No assessment was made of the impact the new riding test would have on casualties, it emerged last week.
Ministers went ahead with drastic changes to the test regime with no indication of how many lives and injuries it would save on the road.
The revelation came as the Driving Standards Agency (DSA) and road safety minister Paul Clark were grilled on Wednesday by a committee of MPs conducting a safety investigation of the new test.
Clark and DSA deputy chief examiner Lesley Young appeared to try to dodge questions about evidence by speaking instead about the test’s aims to cut casualties.
Committee Chairman Louise Ellman said: “We’re all agreed on that objective… Has any assessment been made of how many lives will be saved and injuries prevented by the new test?”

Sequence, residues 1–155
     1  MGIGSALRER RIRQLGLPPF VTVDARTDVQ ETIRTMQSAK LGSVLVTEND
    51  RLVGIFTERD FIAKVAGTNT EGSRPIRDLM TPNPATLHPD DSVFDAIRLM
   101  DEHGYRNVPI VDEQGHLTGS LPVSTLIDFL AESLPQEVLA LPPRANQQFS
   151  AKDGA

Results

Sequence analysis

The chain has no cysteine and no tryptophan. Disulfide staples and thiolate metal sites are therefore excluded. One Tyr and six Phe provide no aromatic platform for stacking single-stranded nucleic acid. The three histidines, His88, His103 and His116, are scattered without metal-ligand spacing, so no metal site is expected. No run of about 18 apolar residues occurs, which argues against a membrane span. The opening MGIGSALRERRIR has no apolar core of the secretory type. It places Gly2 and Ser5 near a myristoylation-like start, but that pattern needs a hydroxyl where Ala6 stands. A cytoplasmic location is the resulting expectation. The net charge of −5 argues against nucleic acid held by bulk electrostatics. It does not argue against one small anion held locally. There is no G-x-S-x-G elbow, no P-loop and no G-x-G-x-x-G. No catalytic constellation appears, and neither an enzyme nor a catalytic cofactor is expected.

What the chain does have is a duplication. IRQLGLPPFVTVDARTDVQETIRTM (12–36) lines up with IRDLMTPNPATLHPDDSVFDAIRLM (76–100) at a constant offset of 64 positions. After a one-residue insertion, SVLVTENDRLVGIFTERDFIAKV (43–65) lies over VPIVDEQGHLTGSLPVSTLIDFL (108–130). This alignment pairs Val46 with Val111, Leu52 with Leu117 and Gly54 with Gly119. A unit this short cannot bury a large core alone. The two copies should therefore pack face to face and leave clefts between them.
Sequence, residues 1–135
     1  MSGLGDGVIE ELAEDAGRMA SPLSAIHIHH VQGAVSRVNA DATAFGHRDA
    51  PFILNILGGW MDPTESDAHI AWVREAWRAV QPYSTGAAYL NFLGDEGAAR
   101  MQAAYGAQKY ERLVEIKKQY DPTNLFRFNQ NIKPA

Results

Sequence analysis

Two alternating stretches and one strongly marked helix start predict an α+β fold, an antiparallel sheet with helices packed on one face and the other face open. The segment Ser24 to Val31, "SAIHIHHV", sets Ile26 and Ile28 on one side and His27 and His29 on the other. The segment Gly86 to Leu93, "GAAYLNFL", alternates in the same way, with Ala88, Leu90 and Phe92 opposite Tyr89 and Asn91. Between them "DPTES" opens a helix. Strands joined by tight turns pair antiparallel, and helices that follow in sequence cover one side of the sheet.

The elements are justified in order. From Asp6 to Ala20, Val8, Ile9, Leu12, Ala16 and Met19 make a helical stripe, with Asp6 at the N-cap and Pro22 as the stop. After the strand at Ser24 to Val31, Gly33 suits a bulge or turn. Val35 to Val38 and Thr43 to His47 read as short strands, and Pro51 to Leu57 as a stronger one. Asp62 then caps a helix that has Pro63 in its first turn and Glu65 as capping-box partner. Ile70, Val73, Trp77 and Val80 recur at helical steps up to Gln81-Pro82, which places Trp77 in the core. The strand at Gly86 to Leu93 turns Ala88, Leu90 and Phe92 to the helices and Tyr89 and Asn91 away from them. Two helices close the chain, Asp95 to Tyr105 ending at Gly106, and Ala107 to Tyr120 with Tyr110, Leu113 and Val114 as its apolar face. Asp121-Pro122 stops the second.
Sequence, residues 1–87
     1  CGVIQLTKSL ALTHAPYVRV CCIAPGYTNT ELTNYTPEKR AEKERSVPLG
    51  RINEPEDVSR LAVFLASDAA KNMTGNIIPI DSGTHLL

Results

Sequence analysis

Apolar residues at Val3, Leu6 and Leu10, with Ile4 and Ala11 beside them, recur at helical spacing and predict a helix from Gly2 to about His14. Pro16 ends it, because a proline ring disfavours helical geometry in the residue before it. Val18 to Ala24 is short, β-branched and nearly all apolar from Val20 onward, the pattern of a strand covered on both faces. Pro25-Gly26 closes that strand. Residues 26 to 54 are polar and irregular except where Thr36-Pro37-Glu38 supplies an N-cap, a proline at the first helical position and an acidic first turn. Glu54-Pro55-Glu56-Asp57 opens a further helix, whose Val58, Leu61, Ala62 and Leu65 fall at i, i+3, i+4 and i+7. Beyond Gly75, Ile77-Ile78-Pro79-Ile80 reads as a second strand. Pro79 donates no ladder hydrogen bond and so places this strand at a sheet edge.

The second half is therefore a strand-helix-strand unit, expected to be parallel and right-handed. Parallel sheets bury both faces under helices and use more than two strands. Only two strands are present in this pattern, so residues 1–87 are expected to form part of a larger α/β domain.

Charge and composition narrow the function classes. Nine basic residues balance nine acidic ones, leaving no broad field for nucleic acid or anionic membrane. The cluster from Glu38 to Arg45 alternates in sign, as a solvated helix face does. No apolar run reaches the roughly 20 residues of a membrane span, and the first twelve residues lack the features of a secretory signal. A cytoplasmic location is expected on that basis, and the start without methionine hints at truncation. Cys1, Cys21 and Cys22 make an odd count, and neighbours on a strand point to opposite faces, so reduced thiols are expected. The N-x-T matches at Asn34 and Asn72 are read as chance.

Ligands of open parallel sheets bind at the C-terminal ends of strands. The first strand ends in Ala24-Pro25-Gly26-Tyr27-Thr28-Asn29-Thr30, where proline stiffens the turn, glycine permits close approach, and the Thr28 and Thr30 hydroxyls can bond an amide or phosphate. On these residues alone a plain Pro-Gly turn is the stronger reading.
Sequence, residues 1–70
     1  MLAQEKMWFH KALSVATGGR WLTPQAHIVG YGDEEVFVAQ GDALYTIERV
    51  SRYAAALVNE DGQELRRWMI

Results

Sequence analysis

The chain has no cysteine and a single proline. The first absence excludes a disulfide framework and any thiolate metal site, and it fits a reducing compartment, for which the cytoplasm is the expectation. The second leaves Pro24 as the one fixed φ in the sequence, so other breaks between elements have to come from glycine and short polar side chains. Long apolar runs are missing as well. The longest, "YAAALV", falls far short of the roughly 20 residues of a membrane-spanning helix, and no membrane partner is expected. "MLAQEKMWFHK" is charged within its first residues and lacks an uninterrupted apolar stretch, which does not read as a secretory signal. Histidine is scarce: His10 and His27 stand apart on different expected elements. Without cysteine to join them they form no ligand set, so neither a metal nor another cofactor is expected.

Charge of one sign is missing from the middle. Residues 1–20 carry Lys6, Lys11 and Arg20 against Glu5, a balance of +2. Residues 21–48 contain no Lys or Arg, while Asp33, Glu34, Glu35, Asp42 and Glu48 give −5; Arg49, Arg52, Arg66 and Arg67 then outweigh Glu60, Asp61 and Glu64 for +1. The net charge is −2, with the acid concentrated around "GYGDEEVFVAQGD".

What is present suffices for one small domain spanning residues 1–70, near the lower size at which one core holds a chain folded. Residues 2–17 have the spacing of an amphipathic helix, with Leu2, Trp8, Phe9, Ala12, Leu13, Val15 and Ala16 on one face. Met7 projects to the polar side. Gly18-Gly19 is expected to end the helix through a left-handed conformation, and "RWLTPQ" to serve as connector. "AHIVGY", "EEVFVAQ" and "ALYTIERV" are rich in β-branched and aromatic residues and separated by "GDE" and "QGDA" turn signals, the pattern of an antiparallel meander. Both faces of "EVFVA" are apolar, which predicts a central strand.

Young said: “Well, it can’t be at the moment until we see the end results.”
Ellman replied: "So the answer is it hasn’t.”
Clark was also forces to admit a DfT study which should have guided the design of the new test was yet to be completed.
The test has been dogged by controversy since its introduction in April. It requires candidates to attend new “multi-purpose test centres” which are so few in number that some learners face journeys of over 100 miles to get to one.
The committee is investigating its safety after dozens of learners crashed attempting new manoeuvres.